In the late 1920s, mystery writer Ronald Knox published “Ten Commandments for Writing Detective Fiction.” With her monumental play The Mousetrap, Agatha Christie violated the central commandment. (to reveal that commandment would be the ultimate spoiler.)
Dame Christie’s flaunting of the detective mystery norms may account for the play’s record setting run. The mystery has played continuously since November 25, 1952.
The most famous plays are detective mysteries. Oedipus Rex concerns identifying and punishing the person responsible for the plague ravaging the region. The action of Hamlet focuses on the title character’s search for the murderer of his father.
Based on the real-life case of the death of a boy, Dennis O’Neill, who died while in the foster care of a Shropshire farmer and his wife in 1945, The Mousetrap began as a 45 minute radio play, a gift to Queen Mary who had asked for a new Agatha Christie to celebrate her 80th birthday.
When asked to explain the success of her record-breaking play, Agatha Christie said,
It is the sort of play you can take anyone to. It is not really frightening. It is not really horrible. It is not really a farce, but it has a little bit of all these things and perhaps that satisfies a lot of different people.[i]
It may be the sort of play you can take anyone to, but it is not the kind of play that anyone can direct with the brilliance of Mr. Sean Graney. I first saw Mr. Graney’s work in 2013 at Steppenwolf’s Garage Theater . His production of Gilbert and Sullivan’s Mikado was a revelation and a true delight. Almost alone it confirmed my belief that Chicago was, and is, the theater capital of America.
Now with the Mousetrap, Mr. Graney turns his attention to creating a clockwork precise production which masterfully blends just the right amount of fright, horror, and farce. Every plot point, every decision, every discovery, every reversal is played with both loving care and astute theatricality. Every actor gives a full-bore performance, almost daring any subsequent players to do better. It is grand heroic acting of the first rank. Kudos to the casting director Becca McCracken for giving Mr. Graney such fine artists with which to create.
The costumes are magnificent extensions of the wild and wooly characters. Brits seem to fall into either of two categories – stodgy dull bores or goofy eccentrics. Mr. Graney’s actors fall into those categories as well. Among the goofiest is Alex Goodrich, the aggressively offensive Christopher Wren. Looking as a twin to California talk radio host, Ethan Beaman, Mr. Goodrich mined every bit of legitimate humor and sinisterism in the character. Tina Munoz Pandya offers a tomboyish Miss Casewell, while David Cerda presents a bizarre but believable Mr. Paravicini, who seems to embody all nationalities and genders. Carolyn Ann Hoerdemann gives Mrs. Boyle an insufferable, ever-carping, soul. Lyonel Reneau masterfully plays Major Metcalf as a foreign military person who at the core is just a local Cockney bloke.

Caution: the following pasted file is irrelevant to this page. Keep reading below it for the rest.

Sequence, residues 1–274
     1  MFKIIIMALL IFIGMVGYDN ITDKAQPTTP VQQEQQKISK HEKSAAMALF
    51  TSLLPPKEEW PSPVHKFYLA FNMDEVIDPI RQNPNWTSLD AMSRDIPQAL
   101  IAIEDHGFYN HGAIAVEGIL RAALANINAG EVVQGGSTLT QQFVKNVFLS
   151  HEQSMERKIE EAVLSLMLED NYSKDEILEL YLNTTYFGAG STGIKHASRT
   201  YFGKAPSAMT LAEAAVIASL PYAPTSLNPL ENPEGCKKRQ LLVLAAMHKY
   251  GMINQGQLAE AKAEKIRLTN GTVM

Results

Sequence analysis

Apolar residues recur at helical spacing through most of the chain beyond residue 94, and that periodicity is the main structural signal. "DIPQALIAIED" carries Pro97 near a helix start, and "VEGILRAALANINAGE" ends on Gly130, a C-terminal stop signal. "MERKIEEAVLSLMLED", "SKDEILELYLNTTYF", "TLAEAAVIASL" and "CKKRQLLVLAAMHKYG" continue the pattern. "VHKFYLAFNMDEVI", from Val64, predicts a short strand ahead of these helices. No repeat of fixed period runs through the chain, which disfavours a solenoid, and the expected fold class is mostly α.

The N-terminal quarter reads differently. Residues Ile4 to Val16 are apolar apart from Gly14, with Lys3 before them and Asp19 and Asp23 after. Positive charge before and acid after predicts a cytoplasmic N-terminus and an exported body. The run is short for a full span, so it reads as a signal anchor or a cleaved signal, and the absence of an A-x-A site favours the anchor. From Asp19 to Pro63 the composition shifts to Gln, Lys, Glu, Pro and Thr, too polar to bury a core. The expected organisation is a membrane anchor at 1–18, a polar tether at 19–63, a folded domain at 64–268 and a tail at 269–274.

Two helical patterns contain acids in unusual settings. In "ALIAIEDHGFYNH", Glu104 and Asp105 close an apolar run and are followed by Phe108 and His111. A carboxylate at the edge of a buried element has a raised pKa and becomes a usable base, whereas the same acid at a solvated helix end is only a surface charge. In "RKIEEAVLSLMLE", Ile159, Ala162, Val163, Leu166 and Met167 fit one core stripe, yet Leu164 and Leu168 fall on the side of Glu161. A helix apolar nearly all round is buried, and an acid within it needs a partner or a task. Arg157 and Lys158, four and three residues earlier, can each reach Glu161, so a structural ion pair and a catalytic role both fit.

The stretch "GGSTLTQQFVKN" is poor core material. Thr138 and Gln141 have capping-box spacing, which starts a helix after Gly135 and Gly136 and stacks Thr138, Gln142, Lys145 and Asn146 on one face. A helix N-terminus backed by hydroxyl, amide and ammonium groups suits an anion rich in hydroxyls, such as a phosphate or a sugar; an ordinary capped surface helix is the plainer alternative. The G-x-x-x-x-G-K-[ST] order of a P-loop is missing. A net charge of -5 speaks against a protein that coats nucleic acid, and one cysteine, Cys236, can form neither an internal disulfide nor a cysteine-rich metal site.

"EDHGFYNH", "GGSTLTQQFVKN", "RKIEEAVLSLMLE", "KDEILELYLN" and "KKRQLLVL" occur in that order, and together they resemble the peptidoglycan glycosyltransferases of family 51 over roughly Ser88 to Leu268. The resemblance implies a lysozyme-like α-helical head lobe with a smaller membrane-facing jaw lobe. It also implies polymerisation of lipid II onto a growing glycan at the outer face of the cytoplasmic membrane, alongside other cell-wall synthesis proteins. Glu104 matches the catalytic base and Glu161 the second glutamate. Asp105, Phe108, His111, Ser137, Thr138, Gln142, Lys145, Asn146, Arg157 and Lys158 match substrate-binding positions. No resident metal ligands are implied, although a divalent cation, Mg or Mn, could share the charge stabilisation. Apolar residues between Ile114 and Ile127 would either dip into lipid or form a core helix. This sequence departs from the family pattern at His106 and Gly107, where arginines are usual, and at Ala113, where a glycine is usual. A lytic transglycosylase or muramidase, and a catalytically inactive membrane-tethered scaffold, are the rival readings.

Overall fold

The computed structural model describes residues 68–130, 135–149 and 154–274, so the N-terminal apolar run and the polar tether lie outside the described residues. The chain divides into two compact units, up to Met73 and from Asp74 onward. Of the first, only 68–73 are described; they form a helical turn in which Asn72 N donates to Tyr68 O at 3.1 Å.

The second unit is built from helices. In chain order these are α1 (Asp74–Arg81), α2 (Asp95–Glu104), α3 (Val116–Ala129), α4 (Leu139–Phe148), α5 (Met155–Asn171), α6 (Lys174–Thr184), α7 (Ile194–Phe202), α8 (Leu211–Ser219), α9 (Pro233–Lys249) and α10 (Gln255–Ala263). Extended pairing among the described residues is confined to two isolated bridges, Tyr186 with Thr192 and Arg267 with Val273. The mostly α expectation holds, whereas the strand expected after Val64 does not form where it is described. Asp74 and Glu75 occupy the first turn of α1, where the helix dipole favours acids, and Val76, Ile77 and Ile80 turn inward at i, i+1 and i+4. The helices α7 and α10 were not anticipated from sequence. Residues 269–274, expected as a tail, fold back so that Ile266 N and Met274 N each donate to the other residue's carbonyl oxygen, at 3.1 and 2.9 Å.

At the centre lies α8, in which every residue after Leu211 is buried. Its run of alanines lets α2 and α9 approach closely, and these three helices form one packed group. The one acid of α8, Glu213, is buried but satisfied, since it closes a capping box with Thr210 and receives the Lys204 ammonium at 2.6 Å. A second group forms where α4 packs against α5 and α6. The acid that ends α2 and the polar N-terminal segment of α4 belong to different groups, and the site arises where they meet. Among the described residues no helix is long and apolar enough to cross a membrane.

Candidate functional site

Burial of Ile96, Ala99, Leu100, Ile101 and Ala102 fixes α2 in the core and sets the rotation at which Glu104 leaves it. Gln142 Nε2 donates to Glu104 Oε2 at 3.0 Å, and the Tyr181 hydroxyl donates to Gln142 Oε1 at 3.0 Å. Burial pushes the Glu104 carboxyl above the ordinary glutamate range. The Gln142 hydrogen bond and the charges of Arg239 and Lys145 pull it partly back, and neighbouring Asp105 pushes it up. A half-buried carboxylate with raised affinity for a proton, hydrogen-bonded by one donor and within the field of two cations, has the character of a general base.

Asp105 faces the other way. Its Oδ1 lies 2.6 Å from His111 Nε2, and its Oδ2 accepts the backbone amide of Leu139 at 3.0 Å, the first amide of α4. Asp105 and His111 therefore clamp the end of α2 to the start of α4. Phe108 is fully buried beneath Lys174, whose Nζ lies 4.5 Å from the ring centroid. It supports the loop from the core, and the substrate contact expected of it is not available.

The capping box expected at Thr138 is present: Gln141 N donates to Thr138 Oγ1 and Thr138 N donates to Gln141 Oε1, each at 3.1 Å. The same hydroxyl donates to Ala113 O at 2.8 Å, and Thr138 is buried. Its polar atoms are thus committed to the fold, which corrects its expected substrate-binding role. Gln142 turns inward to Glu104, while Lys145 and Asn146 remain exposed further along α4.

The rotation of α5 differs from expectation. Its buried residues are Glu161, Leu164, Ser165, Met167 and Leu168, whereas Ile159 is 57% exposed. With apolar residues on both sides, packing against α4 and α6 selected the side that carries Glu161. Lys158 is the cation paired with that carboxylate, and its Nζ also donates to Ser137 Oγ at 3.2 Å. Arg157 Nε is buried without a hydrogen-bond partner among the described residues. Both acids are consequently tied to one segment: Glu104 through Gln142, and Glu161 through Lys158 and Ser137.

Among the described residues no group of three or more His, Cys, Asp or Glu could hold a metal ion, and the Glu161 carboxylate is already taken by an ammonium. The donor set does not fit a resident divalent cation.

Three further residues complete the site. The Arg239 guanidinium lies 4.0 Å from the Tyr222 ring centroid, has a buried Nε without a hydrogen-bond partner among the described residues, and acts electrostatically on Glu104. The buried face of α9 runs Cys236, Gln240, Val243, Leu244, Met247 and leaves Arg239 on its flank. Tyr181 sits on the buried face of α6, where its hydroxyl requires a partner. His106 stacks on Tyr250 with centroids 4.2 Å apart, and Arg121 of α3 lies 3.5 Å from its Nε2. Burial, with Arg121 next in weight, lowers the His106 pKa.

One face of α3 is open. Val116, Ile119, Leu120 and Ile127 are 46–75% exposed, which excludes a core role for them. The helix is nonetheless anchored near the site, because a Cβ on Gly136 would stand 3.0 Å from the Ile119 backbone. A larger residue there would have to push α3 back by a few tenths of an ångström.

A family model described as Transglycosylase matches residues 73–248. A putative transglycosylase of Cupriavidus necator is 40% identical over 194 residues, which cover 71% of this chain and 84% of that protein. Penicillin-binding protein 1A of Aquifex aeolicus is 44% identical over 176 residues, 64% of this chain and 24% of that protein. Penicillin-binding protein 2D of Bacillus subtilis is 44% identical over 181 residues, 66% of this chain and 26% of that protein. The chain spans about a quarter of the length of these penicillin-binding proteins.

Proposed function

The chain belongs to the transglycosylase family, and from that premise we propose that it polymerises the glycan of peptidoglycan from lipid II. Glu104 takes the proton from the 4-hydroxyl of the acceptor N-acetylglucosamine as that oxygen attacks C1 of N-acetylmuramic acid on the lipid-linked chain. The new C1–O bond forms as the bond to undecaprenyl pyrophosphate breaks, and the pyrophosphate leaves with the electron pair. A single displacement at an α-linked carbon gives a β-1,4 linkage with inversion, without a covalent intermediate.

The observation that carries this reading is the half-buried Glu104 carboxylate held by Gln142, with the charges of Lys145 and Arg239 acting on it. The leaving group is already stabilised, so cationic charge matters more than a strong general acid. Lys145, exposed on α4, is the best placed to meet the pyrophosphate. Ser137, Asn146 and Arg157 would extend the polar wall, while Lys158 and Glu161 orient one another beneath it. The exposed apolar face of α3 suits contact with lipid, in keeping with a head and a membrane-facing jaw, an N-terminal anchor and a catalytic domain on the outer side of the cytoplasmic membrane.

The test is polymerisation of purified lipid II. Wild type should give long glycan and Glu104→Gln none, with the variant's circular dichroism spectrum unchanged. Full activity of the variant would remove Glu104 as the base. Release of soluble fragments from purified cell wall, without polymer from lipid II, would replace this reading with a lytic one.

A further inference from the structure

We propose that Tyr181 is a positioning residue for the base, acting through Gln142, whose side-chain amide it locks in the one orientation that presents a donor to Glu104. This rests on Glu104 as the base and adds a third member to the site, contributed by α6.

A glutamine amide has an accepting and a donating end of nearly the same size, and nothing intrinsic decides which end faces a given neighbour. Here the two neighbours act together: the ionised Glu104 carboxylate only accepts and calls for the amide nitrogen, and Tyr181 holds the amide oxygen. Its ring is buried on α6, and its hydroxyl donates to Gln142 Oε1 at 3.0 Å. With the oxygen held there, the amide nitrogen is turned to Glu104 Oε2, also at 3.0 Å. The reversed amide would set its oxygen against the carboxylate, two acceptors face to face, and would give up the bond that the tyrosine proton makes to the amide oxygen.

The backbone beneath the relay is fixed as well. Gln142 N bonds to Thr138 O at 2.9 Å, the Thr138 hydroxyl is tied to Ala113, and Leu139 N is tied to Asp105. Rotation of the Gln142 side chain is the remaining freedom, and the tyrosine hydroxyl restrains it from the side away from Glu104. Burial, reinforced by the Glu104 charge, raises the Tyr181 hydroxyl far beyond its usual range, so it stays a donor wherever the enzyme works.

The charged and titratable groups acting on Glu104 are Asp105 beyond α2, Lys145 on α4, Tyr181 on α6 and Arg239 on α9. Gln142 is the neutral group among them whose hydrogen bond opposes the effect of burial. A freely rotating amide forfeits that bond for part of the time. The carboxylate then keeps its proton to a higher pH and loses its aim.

Among the “normal” characters are Allen Gilmore as the ever-so-proper English gentleman B and B keeper Giles Ralston. His wife, Mollie Ralston, is played by the charming Kate Fry as a Myrna Loy-like heroine as if from Mr. Blanding Builds His Dream House. She makes the character one of the play’s two delightful fulcrums. The other is the Detective Sergeant Trotter of Eric Hellman. Mr. Hellman had impressed me last as Cliff in 2014’s Luna Gale. Here he shines as the epitome of the drab yet efficient Scotland Yard investigating officer. His alter ego emerges as stunning and profound, even to those familiar with the play. The dialect design of Eva Breneman must be singled out for service above and beyond the call of duty.
The production gets extra verve from the costumes of Alison Siple. The inner oddness or inner blandness of each character finds their true skin in her bold costumes, which must stimulate the actors looking at them as much as the audience watching the play.
Arnel Sancianco’s scenic design provides the requisite acting areas and set pieces, though the place doesn’t resonate as a real location just a few miles from London. Details are also a bit askew. The chandelier seems too high and the portrait over the fireplace has a head too large for its purpose. The too-new but mismatched contemporary upholstery choices, while bold like the costumes, work against the notion of a seedy English manor.
Nevertheless, The Court Theater has produced a real winner this time. Popular with the audience, magnificently acted and directed, fun to watch, and a confirmation that Chicago is indeed the place to be to see the finest theater.
[i] The Mousetrap Story – Souvenir Book. Saint Martin’s Theatre Catering Department, West Street, London, p. 22.